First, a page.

The Nothing: A Warm Gun (Amaj001/Rhythmethod)

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The Nothing: Empty
The Nothing: A Warm Gun (Amaj001/Rhythmethod)

Lately on my Kiwi FM programme I have been playing quite a lot from Chris Knox's albums and thoroughly enjoying rediscovering them. (Like Mike Leigh movies and city buses you often didn't feel the need to catch them because another would be along soon enough).

Knox has been prolific and always offers good value -- his last one Chris Knox and the Nothing ran the full 70 minutes available.

If that was his White Album (it came in a Beatles-like "White Album" sleeve and deserved double vinyl release) then what to make of this where he disappears to simply become a member of the Nothing and didn't even do the cover art? (Although we must assume the Lennon-referenced album title is his doing.)

Certainly he wrote everything, bar one co-write, but this is very much a band recording and the Nothing (now with guitarist-producer Roy Martyn in the ranks) are brittle and abrasive as required, or gently supportive on the ballads.

While no one would suggest that has been given studio polish -- it still has a gritty and knocked-off quality -- there is a sure sense that the Nothing have given considerable forethought to this one, without sacrificing that ragged but right quality Knox is so famous/notorious for.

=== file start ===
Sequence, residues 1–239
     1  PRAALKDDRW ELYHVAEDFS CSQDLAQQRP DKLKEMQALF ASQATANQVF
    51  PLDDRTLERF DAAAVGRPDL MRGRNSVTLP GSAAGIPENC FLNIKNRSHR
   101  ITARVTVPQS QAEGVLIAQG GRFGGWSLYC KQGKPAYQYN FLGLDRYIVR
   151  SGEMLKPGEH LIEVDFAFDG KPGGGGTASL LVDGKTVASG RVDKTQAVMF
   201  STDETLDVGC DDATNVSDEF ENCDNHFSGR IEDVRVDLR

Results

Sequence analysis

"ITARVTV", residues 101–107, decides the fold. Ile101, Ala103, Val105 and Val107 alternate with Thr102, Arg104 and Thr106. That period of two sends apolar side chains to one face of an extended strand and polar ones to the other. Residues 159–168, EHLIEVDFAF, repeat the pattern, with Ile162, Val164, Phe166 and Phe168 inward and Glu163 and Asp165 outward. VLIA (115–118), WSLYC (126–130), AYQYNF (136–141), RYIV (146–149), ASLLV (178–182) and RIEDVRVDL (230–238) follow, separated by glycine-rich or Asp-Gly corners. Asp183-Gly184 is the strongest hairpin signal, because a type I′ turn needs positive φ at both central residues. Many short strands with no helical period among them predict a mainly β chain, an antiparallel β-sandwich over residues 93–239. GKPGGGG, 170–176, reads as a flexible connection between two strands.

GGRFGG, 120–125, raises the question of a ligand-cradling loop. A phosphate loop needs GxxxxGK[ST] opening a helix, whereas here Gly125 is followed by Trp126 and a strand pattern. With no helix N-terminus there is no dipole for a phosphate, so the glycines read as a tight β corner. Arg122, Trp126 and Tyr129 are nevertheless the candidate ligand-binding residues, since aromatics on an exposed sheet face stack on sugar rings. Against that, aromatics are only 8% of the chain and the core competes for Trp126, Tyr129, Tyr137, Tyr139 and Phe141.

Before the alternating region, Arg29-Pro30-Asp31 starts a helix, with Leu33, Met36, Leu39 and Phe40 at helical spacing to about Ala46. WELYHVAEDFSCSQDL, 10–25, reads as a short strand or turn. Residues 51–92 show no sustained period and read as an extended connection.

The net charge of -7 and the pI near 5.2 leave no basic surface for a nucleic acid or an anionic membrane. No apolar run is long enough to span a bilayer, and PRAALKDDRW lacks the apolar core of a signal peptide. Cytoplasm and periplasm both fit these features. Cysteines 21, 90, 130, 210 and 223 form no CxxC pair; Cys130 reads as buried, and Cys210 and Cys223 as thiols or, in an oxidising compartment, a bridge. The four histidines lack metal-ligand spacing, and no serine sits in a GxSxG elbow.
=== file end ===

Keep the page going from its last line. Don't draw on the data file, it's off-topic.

So here are Wreckless Eric/Troggs-like pop (Empty), adult matters (She's Leaving Him), the acerbic but sea shanty-like rollick of The Song of the Tall Poppy, the five minute psychedelic To the Sun with eerie violin, the lovely but edgy ballad In My Heart . . .

Yes, there is a lot of Chris Knox on vinyl and CD in the world but -- like that current Mike Leigh movie coincidentally -- this is one to catch.

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Shaun - Dec 20, 2008

The first time I saw Chris Knox play was at the Ori in Dunedin with Alec Bathgate as the Tall Dwarfs, sometime in the mid-eighties. Having been hooked by my sisters copy of the Toy Love album, and then the brilliance of Tall Dwarfs e.p’s “Canned Music” and the fantastically titled “Slugbucket Hairybreath Monster” (which had excellent Knox-created videos- when will we be able to buy a dvd of his back catelogue?) I was a genuine fan. That night, Knox was at his abrasive best, walking into the crowd and stroking the face of my rather freaked out friend as he serenaded him during “Turning Brown and torn in two”.

While perhaps leaving some of the more lo-fi approach behind with forays into an actual studio with an actual band for this album, and 2005’s “Chris Knox and the Nothing”, Knox (with the band) remains at his best on “A Warm Gun”. Ending with the infectious, almost sing-a-long “all I want is you”, standouts for me are “Then She Exploded”- how not to love a song with such a title?- with the violin section (“No Strings”) reminding me a bit of the Beatles “A day in the life”; and the heartbreaking track “She’s Leaving Him”- with Knox at his vocal and lyrical best, with lines such as “He’s known all has not been well for years- ignorance is bliss compared to tears”; and the almost anthemic “In my heart” (perhaps this albums “Not Given lightly”- still a great song, despite the over-exposure).

An album I love for what it provides itself, but also because it has meant I’ve dusted off the vinyl to play the e.ps; made me remember the thrill of that gig at the Ori; and sent me quickly to you-tube to check that the violins do sound Beatles-esque- all good reasons to have it as one of my top albums of the year.

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